Death of General Wolfe
Inspired by:
Benjamin West
Death of General Wolfe - 1770
National Gallery of Canada, Ottawa

Supper at Emmaus
Inspired by:
Caravaggio
Supper at Emmaus - 1601

Watson and the Shark
Inspired by:
John Singleton Copley
Watson and the Shark - 1778
National Gallery of Art, Washington, D.C.

A Friend in Need
Inspired by:
Cassius Marcellus Coolidge
A Friend in Need - 1903
Brown & Bigelow publishing company

Golconda
Inspired by:
René Magritte
Golconda - 1953
Menil Collection, Houston TX

Le Déjeuner Sur L'herbe
Inspired by:
Édouard Manet
Le déjeuner sur l'herbe – 1862-63

The Japanese Footbridge and the Water Lily Pool
Inspired by:
Claude Monet
The Japanese Footbridge and the Water Lily Pool, Giverny - 1899

The Birth of Venus
Inspired by:
Sandro Botticelli
The Birth of Venus - 1486

The Dream
Inspired by:
Henri Rousseau
The Dream - 1910
MOMA (Metropolitan Museum of Art)

Heavy Snow and Visitors to the Shiba Jingu Palace
Inspired by:
Ichiryusai Hiroshige
Heavy Snow and Visitors to the Shiba Jingu Palace - 1858

The Vitruvian Man
Inspired by:
Leonardo da Vinci
The Vitruvian Man - 1490
Accademia Venice

The Large Bathers
Inspired by:
Pierre-Auguste Renoir
The Large Bathers - 1884-87
Philadelphia Museum of Art

Nighthawks
Inspired by:
Edward Hopper
Nighthawks - 1942
Art Institute of Chicago

Napoleon Crossing the Alps
Inspired by:
Jacques-Louis David
Napoleon Crossing the Alps - 1800
Musée National du Château de Versailles

Creation of Adam
Inspired by:
Michelangelo
Creation of Adam - 1512
Sistine Chapel, Rome

Co.Design

Santa Hilariously Invades Famous Works Of Art

Photographer Ed Wheeler superimposes himself dressed as Santa in some of the world's most famous paintings. The results are hysterical.

When I was a little kid, my father told me around Christmas one year that I should always make sure to behave, because Santa was everywhere. It was a terrifying prospect, but it turns out he was right: Santa is everywhere, even in the paintings of some of art's classical masters. It's all the work of photographer Ed Wheeler, who superimposes himself dressed as Santa in the works of Botticelli, Caravaggio, Monet and more.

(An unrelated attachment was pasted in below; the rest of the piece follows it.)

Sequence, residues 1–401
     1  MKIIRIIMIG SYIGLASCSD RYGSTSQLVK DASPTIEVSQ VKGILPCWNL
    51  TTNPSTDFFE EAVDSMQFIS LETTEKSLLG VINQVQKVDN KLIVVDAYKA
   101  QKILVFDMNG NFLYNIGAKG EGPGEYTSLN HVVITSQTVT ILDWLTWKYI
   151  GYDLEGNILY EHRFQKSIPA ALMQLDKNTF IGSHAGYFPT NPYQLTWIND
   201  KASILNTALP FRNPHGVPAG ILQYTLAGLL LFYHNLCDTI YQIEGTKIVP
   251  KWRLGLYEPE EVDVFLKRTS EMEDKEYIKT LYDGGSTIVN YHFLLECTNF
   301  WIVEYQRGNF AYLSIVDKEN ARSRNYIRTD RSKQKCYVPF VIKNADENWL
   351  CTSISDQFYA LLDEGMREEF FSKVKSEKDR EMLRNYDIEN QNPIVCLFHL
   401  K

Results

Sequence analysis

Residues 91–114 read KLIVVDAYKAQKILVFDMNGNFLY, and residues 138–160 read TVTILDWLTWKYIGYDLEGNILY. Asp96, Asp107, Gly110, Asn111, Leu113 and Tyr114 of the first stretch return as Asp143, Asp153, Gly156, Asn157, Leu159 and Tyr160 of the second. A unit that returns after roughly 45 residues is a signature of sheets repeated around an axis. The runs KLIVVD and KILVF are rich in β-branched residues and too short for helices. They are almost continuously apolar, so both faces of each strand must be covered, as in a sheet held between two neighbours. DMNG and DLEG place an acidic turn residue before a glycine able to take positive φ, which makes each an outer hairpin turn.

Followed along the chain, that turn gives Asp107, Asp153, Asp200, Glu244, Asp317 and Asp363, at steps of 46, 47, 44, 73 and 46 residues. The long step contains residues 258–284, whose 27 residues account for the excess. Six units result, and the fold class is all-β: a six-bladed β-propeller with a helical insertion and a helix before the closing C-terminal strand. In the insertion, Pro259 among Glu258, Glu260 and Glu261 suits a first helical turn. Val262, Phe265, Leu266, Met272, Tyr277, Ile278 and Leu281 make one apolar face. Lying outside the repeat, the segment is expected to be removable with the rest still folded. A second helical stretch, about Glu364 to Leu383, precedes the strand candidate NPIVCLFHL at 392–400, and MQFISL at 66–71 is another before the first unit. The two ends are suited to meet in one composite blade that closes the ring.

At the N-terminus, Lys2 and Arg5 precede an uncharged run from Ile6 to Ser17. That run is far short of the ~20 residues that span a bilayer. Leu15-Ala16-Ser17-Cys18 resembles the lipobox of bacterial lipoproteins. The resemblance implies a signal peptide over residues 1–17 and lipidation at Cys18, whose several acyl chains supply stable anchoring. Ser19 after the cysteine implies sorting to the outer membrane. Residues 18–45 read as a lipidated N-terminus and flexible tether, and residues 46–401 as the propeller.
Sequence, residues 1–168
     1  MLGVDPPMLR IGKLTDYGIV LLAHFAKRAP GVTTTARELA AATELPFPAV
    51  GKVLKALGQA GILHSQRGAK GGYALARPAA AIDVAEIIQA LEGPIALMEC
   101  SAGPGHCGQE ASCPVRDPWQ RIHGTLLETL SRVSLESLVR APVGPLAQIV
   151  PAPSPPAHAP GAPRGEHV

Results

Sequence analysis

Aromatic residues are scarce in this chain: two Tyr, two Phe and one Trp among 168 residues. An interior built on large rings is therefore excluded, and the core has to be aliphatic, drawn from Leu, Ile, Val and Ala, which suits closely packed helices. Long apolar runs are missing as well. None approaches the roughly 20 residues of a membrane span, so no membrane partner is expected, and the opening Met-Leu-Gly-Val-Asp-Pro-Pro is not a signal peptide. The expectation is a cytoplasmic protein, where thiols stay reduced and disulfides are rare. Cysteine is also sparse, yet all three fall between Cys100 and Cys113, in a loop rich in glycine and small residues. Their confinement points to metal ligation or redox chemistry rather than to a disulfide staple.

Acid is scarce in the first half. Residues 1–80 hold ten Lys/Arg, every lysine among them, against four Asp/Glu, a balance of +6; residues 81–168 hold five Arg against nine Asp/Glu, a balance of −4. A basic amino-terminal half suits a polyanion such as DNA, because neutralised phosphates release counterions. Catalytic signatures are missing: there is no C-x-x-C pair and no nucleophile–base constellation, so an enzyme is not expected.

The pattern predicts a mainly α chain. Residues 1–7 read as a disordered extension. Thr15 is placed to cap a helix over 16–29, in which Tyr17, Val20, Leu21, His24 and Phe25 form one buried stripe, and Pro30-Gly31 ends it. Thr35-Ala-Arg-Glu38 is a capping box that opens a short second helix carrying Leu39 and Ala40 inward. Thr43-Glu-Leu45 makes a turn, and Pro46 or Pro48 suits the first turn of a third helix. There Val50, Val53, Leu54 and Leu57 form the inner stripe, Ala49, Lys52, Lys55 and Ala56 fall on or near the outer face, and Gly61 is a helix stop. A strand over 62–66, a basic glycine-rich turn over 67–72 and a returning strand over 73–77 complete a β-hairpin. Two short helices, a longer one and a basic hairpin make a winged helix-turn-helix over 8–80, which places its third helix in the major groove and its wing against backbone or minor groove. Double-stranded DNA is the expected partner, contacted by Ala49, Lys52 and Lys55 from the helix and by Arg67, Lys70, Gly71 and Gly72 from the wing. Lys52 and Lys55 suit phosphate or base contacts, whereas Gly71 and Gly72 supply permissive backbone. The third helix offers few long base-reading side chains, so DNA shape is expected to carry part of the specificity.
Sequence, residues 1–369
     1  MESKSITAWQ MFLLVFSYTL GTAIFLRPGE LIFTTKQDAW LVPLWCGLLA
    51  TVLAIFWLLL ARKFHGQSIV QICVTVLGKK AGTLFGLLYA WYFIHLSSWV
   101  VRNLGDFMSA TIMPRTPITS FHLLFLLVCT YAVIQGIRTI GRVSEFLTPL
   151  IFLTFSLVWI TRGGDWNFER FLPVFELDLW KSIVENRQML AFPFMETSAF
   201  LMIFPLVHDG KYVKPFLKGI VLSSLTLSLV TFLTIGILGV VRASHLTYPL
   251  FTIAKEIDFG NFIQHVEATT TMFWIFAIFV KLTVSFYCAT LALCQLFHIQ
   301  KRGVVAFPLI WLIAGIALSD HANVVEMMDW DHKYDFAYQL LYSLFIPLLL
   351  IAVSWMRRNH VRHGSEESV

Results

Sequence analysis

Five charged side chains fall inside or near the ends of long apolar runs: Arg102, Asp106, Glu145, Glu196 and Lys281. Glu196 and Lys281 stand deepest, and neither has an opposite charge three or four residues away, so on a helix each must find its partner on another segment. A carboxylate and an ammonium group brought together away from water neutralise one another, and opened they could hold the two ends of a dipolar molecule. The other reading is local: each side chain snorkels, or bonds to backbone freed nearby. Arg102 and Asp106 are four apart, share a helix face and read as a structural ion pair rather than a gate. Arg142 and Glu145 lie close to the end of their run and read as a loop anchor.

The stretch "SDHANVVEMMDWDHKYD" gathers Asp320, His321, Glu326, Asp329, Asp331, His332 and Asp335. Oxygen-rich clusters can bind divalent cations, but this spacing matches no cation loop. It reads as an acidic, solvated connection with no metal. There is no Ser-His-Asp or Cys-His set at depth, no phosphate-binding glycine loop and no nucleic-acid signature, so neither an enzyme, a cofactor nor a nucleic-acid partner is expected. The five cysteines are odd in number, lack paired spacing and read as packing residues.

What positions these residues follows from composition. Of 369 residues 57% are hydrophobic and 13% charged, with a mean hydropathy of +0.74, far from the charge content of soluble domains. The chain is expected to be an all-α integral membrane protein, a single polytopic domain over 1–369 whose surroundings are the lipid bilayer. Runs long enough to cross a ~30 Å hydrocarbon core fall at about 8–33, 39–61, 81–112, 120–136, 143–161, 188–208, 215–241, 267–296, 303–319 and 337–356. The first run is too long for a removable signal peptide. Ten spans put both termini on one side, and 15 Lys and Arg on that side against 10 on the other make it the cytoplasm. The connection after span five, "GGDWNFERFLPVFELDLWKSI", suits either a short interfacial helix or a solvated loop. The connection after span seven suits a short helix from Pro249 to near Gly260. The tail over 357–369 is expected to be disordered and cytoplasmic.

A photographer for more than 35 years, Ed Wheeler has been dressing as Santa for holiday cards for nearly as long. For years, Wheeler would send out photos of himself as Santa doing funny thing to clients around the holiday: getting some ink, driving a sports car, going bowling, or tagging a wall with spray-paint: "KRIS KRINGLE 4 LYFE." It was fun stuff, but not particularly original: most people have at least one crazy uncle who does the same thing.

Inspiration struck, according to Wheeler's site, in 2011 as Wheeler stood in front of Emanuel Leutze's famous painting of George Washington crossing the Delaware at the Metropolitan Museum of Art. It was then, Wheeler says, that he first realized that Santa was destined for greater things: to invade the world of classical art.

Since then, Santa has made surprise appearances in many famous paintings thanks to Wheeler. He appeared in his long underwear as Venus de Milo in Botticelli’s most iconic painting, and as a water boy fanning a boxer in Thomas Eakins' 1898 painting Between Rounds. Santa Claus has eaten supper with Caravaggio, stood in as God to Michelangelo's Adam, and gazed at water lillies on a bridge painted by Claude Monet. Through Wheeler, Santa has ridden Napoleon's horse, given a cup of Hemlock to Socrates, sipped a cup of coffee in a 1940s diner, played poker with dogs, and floated in a flock of businessmen into the stratosphere in humorous interpretations of some of art's most iconic scenes.

To date, Wheeler has incorporated himself dressed as Santa in more than 40 paintings. His works have gone over so well, in fact, that the Philadelphia Museum of Art is now selling his Santa Classics in their official gift shop as $12.95 note card sets. If you're late getting your Christmas cards off to some of the art lovers in your life, you could do worse than to head over.

[Images via Santa Classics]

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